ie 658.714 rpm of your servo.
At 131072 pulse per rev:
658.714 *131072 /60=1,497,965 pulse per second. Thats too fast to signal your servo, I would recommend reducing
the pulse rate required using electronic gearing by a factor of ten:
1,497,965 / 10=149,796 pulse per second. Thats about 150kHz. You could, at a stretch, do that with single
ended signalling.

This would require a denomintator of 10 and a numerator of 1. Easy!
My wife left with my best friend...
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Re: Servio motor Delta adas b2 Software and electronic gear ratio
« Reply #6 on: March 04, 2018, 10:35:06 PM »
Hi,
with the numbers I've proposed the 'step per mm':

1mm / 175mm  gear revs=0.00571428 gear revolutions/mm

0.00571428 * 10=0.0571428 reducer input shaft revs/mm =0.0571428 servo revs/mm

0.0571428 *131,072=7489.82 encoder counts per mm

7489.82 / 10 (electronic gearing denom.)=748.98 Mach pulses/mm

Rounding 'steps per mm'=749 or a resolution of 1.33um, pretty damn fine!

Craig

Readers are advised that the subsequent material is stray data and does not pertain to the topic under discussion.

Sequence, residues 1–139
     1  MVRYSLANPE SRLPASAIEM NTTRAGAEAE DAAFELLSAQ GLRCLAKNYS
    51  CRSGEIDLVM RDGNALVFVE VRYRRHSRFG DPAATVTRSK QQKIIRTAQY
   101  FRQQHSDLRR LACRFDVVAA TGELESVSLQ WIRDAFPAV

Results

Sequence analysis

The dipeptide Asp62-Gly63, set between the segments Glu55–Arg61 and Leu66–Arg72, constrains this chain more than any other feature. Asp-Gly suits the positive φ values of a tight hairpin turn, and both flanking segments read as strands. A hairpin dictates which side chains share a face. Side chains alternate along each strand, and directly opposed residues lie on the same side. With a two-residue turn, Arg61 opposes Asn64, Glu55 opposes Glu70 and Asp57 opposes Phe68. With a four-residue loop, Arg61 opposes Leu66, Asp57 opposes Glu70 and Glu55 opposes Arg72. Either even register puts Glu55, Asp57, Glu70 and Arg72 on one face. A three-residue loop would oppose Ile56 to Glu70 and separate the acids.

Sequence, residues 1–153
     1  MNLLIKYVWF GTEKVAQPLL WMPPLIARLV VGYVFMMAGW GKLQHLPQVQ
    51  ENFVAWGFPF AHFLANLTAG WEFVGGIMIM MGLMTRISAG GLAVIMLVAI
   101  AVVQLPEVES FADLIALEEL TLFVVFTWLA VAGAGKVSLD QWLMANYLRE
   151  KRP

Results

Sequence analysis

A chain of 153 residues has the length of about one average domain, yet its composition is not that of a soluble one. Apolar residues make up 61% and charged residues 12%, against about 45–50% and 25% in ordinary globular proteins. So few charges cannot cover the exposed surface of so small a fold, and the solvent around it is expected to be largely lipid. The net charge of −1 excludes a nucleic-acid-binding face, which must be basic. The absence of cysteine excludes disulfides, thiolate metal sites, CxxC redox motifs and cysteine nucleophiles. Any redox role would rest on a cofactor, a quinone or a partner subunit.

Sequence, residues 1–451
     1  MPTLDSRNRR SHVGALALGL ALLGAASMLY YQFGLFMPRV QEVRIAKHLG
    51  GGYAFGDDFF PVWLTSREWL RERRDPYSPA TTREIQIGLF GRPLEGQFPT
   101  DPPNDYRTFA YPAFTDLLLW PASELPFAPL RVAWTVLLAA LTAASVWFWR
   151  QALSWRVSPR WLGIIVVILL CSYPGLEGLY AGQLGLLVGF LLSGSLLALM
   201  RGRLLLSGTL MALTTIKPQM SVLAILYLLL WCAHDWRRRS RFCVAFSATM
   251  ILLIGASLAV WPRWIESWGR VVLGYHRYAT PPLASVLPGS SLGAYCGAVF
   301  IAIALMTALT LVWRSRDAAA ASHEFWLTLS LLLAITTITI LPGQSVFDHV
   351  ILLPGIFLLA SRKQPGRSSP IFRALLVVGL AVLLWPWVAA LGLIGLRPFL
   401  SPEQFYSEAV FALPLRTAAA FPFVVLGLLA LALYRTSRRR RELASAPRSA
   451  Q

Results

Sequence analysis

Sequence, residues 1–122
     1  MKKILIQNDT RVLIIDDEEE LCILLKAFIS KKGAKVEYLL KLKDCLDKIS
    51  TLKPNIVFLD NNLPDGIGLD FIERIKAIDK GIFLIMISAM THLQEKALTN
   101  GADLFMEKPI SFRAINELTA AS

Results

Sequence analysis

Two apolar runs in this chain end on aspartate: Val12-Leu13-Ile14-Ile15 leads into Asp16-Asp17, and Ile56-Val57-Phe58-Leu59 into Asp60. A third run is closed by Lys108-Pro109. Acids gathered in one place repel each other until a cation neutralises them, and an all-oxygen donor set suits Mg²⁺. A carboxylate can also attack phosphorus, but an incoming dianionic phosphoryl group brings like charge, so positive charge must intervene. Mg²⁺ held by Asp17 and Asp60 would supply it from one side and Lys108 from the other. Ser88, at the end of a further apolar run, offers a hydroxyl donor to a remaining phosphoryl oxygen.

My wife left with my best friend...
     and I miss him!
Re: Servio motor Delta adas b2 Software and electronic gear ratio
« Reply #7 on: March 05, 2018, 09:21:29 AM »
Hi,
have been reading the manual and it turns out you can program the encoder count. Page 7-40.

Quote
P1-46▲ GR3 Encoder Output Pulse Number Address: 015CH
015DH
Operation
Interface: Keypad/Software Communication Related Section: N/A
Default: 2500
Control
Mode: ALL
Unit: pulse
Range: 4 ~ 40000
Data Size: 32-bit
Display
Format: Decimal
Settings:
This parameter is used to set the pulse numbers of encoder outputs per motor
revolution.
Please note: When the following conditions occur, the output frequency for pulse
output may exceed the specification and cause that the servo drive fault AL018
(Encoder Output Error) is activated

Note the default is 2500 ppr which corresponds to an encoder count of 10,000 counts per rev.

My suggestion is stick with that.

The calculations change:

12000/175=68.571428
68.571428 *10=685.7142
685.7142 *10,000/60=114285.7142 pulse per second. or 114.2855kHz

ie You don't need electronic gear reduction at all.

The 'steps per mm':
1 /175=0.005714285
0.005714285 *10=0.05714285
0.05714285 *10000=571.428 pulse per mm